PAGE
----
HEADLEE: So that sounds like asking for humanitarian aid. I mean, obviously, he's also, in another part of the interview, he asked for arms and military aid, as well. But are the Syrian rebels and the people that they are trying to help, are they getting the humanitarian need that they need?
HAMID: There is humanitarian assistance, but when we're talking about, I mean, humanitarian disaster on this scale, when we're talking about millions of internally displaced, we're talking about nearly 100,000 killed, all the humanitarian assistance the Syrians can get will not be enough. And you have to address the root of the problem, that the rebels can't hold on to enough territory because the regime is always pushing back. And they can kind of stay on the outskirts of the city and bomb it into oblivion through artillery and aircraft.
So no one is going to be truly safe in Syria until this regime is pushed back or defeated. As long as the Syrian regime is alive, and as long as Assad is the president of Syria, there is going to be more and more killing. There is no way to get around that. So we can address the humanitarian side as much as we want and that's important, but if there isn't a real process through which the rebels are able to gain the military advantage against the Syrian regime, then, you know, the root of the problem isn't being addressed. And I should also note that I think one of the unfortunate aspects of this whole debate we've been having in the U.S. is that we talk about military intervention and diplomacy as two exclusive things.
But actually, the only way Assad is going to make concessions or negotiate in even somewhat good faith is if there's a credible threat of military force. So I would actually argue that the threat of military intervention could actually help diplomacy succeed and not the other way around. If Assad doesn't feel he can lose, he's not going to give ground to the opposition.
HEADLEE: Well, let me take that one step further, Shadi. Do we know for sure that the international community and the Obama administration want Assad gone?
HAMID: Well, the U.S., France, Britain, Turkey, Qatar, Saudi Arabia have all been very clear. They want Assad to go. Now we can have a debate about whether that's what the U.S. really wants. I don't want to, kind of, there are some conspiracy theories going around. It is true that the Obama administration has been worried about an outright rebel victory because they're very worried about the rise of extremists and the power vacuum that might result. So I think the U.S. position is hedging in some respect, that, yes, they don't want Assad, but they're not sure they want the alternative either.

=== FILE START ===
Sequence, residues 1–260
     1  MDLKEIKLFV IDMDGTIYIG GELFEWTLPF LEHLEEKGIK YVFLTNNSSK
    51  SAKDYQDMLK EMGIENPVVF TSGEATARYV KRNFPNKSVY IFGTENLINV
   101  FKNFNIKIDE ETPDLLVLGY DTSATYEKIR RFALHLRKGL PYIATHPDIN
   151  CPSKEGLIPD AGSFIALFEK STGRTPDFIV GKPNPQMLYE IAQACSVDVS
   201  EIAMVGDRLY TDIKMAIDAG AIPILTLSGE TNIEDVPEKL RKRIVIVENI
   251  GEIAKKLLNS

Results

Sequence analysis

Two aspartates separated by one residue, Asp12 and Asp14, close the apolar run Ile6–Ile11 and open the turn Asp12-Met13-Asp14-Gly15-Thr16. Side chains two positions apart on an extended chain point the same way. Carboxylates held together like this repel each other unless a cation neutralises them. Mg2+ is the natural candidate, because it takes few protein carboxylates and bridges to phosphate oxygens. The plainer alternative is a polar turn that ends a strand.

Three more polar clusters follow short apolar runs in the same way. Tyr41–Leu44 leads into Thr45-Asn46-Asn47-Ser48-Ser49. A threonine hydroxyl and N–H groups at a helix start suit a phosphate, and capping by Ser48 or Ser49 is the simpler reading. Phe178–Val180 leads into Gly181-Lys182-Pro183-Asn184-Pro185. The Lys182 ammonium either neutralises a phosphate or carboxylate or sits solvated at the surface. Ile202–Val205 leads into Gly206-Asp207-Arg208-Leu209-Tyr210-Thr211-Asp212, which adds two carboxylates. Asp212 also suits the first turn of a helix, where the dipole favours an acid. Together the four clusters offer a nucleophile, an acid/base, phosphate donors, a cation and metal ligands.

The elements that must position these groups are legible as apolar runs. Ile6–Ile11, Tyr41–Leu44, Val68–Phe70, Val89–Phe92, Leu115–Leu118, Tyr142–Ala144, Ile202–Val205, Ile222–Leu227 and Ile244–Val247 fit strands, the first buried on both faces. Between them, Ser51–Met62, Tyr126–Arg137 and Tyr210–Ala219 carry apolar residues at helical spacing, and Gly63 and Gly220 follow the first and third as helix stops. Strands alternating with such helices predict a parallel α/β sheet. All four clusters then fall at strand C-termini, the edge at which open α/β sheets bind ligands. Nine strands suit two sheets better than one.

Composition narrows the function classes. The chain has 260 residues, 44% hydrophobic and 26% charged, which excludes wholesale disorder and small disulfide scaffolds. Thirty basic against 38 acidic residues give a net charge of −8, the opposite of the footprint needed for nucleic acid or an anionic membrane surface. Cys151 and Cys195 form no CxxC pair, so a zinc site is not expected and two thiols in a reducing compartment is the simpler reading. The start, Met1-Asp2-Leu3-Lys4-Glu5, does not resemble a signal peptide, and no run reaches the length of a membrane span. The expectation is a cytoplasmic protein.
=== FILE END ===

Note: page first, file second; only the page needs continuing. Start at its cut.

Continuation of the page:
But the real block in the international community is not the U.S. or France, it's the Russians and, to a lesser extent, the Chinese. So again, my question to those who oppose intervention is, your preferred policies have been tried. All of those efforts at a so-called political negotiation have failed miserably. So the question is, are we going to just keep on trying something that we all know, deep down, isn't going to work?
HEADLEE: Shadi Hamid is the director of research for the Brookings Doha Center. He joined us via Skype from Doha. As always, thank you so much, Shadi.
HAMID: Thanks so much for having me.
HEADLEE: Just ahead, three black models shocked and outraged some New Yorkers by telling strangers they could touch their hair. And on the flip side, a teenager turned her Haitian great-grandmother's special hair pomade into big business when she was nine. Conversations about hairdos, coming up on TELL ME MORE from NPR News. I'm Celeste Headlee.
NPR transcripts are created on a rush deadline by a contractor for NPR, and accuracy and availability may vary. This text may not be in its final form and may be updated or revised in the future. Please be aware that the authoritative record of NPR's programming is the audio.